Social Media Isn’t News

This is the kind of thing that drives me nuts.

Actor Bradley Cooper was just another celebrity face in the crowd at the Democratic National Convention on Wednesday night, but many Republicans on social media took vocal exception to the “American Sniper” star’s attendance.

Shortly after Cooper was caught on camera sitting in the audience next to model girlfriend Irina Shayk, conservative Twitter and Facebook users began to flood the platforms with calls for his boycott.

“I have a list of celebrities that support Socialism I refuse to spend another $ on,” said one Twitter user. “Add this one. Boycott them all.”

“Bradley Cooper at DNC?!” exclaimed another. “Guess I’ve seen my last Bradley Cooper movie.”

The apparent reason for the ire directed at Cooper stems from his portrayal of decorated U.S. Navy SEAL sniper Chris Kyle in the 2014 Clint Eastwood film “American Sniper.”

This is not news. It’s something that a handful of random people on the internet said.

I follow many conservatives on social media. I haven’t seen one of them complain about Bradley Cooper’s attending the DNC. I had no idea Cooper attended until this story. I actually had no idea that anyone assumed he was a Republican until this story. So what? A few random people online are unable to differentiate celebrities from the roles that they play. If journalists want to cover this, fine, but that doesn’t make it news.

Perhaps the entire point of articles like this one is to have evidence to say that group X is ridiculous and bad and you probably shouldn’t support them. Conservative websites do these exact kinds of stories too. “You won’t BELIEVE what Libs are DEMANDING now!” Click the link, and you’ll read tweets or see screenshots from 4 or 5 people you’ve never heard of, who have probably fewer than 1,000 followers combined.

It’s human nature to want to hear more examples, no matter how ridiculous, of why you’re right and They are wrong. But that doesn’t mean that we can’t hold journalism accountable a bit. It’s positively ridiculous to turn the stray tweets or Facebook posts of a few people into a national political story. It’s also more than a bit dishonest–if a reader who doesn’t have any social media reads daily pieces like this that supposedly document what “Republicans (or Democrats) on social media” are saying, then their instinctive reaction will be, “Well I don’t want any part of that.” When it turns out, 99% of other people don’t either.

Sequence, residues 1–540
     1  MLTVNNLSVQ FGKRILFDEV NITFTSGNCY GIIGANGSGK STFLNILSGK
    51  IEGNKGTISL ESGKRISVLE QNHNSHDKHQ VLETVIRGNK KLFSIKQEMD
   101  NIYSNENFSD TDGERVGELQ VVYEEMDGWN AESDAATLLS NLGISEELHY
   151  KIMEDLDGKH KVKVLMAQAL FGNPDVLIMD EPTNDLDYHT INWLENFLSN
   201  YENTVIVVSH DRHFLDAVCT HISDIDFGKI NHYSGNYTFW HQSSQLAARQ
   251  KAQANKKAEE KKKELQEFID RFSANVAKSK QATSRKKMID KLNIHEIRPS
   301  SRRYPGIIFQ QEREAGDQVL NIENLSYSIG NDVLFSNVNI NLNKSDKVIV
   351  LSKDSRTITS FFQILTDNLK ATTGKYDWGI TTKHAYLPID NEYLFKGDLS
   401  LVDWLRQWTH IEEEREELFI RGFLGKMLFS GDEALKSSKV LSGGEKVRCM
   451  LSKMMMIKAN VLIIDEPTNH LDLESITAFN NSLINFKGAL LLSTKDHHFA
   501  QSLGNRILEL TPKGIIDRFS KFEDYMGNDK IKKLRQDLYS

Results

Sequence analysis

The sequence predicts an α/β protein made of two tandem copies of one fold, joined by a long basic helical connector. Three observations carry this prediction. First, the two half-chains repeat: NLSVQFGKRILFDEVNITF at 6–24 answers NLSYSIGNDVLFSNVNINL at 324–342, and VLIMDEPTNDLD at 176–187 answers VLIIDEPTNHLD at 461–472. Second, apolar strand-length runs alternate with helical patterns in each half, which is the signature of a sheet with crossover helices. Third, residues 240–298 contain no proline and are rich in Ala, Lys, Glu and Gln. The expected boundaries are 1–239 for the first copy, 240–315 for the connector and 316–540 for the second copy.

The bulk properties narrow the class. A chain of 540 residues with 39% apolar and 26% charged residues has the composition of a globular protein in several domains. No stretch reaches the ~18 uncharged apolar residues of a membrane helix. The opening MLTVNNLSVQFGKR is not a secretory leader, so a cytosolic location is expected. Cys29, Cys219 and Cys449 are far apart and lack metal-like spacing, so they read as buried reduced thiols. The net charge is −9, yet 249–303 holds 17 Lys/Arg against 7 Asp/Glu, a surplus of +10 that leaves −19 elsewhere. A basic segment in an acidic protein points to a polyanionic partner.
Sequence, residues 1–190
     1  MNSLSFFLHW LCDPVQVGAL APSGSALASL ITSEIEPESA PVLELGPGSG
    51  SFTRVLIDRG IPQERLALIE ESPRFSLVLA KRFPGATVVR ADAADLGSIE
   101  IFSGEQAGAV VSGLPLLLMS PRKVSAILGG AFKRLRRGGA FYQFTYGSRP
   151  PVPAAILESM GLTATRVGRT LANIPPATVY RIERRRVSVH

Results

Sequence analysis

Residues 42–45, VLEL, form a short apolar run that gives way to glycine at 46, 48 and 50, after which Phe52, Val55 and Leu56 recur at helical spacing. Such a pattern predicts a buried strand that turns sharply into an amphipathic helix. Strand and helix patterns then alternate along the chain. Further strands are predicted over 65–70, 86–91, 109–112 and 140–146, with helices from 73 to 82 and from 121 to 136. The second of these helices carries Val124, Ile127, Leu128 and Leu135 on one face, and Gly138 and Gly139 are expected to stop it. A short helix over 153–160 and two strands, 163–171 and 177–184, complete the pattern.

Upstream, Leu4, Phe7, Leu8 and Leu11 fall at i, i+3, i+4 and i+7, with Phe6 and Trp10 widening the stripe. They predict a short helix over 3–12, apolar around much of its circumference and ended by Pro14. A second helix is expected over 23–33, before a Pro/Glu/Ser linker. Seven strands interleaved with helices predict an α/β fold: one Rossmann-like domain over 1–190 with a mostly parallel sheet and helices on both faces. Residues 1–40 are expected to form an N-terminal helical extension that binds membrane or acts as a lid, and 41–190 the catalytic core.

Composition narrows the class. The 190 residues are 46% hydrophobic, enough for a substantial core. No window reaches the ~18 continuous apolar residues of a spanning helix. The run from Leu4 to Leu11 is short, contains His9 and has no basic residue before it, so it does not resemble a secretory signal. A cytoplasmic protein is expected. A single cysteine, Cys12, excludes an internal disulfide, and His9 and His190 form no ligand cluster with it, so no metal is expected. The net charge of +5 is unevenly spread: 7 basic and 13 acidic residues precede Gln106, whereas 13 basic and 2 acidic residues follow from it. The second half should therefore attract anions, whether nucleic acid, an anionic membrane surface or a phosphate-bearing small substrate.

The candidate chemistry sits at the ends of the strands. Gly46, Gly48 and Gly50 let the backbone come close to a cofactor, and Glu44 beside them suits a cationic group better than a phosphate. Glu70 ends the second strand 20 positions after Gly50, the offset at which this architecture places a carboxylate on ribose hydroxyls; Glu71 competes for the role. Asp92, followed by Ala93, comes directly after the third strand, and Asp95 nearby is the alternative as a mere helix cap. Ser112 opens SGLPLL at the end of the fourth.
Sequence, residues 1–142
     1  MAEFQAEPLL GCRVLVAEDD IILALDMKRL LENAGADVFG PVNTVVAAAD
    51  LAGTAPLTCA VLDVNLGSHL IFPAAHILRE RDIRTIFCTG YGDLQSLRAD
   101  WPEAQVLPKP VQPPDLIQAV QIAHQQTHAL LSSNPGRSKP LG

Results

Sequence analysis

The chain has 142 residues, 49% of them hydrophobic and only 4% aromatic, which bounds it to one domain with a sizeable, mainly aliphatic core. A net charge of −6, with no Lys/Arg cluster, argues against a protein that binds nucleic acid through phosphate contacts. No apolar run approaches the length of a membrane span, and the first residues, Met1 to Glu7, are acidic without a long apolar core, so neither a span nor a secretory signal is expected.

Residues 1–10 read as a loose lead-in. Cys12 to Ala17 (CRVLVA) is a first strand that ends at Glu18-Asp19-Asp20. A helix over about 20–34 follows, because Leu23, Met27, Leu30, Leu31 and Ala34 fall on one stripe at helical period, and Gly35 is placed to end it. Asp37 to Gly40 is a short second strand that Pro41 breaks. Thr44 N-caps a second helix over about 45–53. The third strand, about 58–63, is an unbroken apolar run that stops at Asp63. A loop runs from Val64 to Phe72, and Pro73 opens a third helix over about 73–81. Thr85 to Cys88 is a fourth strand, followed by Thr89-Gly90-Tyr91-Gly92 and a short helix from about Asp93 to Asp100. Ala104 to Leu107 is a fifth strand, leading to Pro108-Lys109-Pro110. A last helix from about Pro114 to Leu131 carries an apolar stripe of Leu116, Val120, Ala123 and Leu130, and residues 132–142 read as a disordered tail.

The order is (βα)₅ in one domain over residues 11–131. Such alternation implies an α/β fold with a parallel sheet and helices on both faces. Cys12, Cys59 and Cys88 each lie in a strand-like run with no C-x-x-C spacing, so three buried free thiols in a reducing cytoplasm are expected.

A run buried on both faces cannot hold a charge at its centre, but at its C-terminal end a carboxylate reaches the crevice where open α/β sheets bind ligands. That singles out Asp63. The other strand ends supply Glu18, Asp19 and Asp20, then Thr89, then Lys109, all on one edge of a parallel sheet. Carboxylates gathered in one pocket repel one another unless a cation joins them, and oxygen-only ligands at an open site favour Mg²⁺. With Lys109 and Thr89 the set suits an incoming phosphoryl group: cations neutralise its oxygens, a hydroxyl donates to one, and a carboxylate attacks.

Social media isn’t news.

 

How the Internet Rescued Planned Parenthood

Last week, NARAL, one of the country’s oldest and most vociferous champions of the abortion industry, released a YouTube sketch called “Comedians In Cars Getting Abortions.” The video isn’t funny by any stretch of imagination, pro-life or otherwise. But I doubt very much whether NARAL’s purpose in producing the sketch was even to score laughter. Rather, the whole video feels like an exercise in what C.S. Lewis called “flippancy,” the lowest species of humor wherein morals and good taste are always assumed to be their own punchline. The point is not to get people to laugh at abortion, it’s to get them to scoff at the idea that one shouldn’t laugh bout it.

Anyway. The video isn’t really worth much angst. What was far more interesting than the content of the video, however, was the timing. NARAL published the sketch on YouTube on the anniversary week of the Center for Medical Progress’s video expose on Planned Parenthood. Those series of undercover videos recorded Planned Parenthood executives discussing the methods of “harvesting” the tissue and anatomy of aborted infants, for the purpose of selling them to research labs. The videos progressively go deeper into a ghoulish world of unborn human trafficking, and at every turn, the employees and doctors running the show demonstrate a chilling apathy toward their visceral marketplace.

When the videos first started to release last year, many pro-life activists believed they would be hugely consequential for Planned Parenthood. The Center for Medical Progress framed the sting as conclusive video evidence that the abortion provider was violating multiple federal laws prohibiting the profitable business of selling human body parts. Calls for Congressional investigations began immediately. Planned Parenthood CEO Cecile Richards initially ignored the videos but eventually apologized for the “insensitive” language recorded on camera. For several weeks, it looked like the most important player in the abortion lobby had finally seen its foot slide in due time.

But nothing happened.

Though several states did vote to cease any taxpayer funding for Planned Parenthood, the fallout for the country’s biggest abortion provider was miniscule. Hearings in Washington went nowhere. Cecile Richards kept her job. Democratic presidential candidate Hillary Clinton called the videos “disturbing” during the first few weeks of outcry, but promptly reaffirmed her support (with PP returning the favor). National opinion on abortion law saw little or no change. One state even exonerated Planned Parenthood and indicted instead David Daleiden, the head of the Center for Medical Progress (those charges have since been thrown out).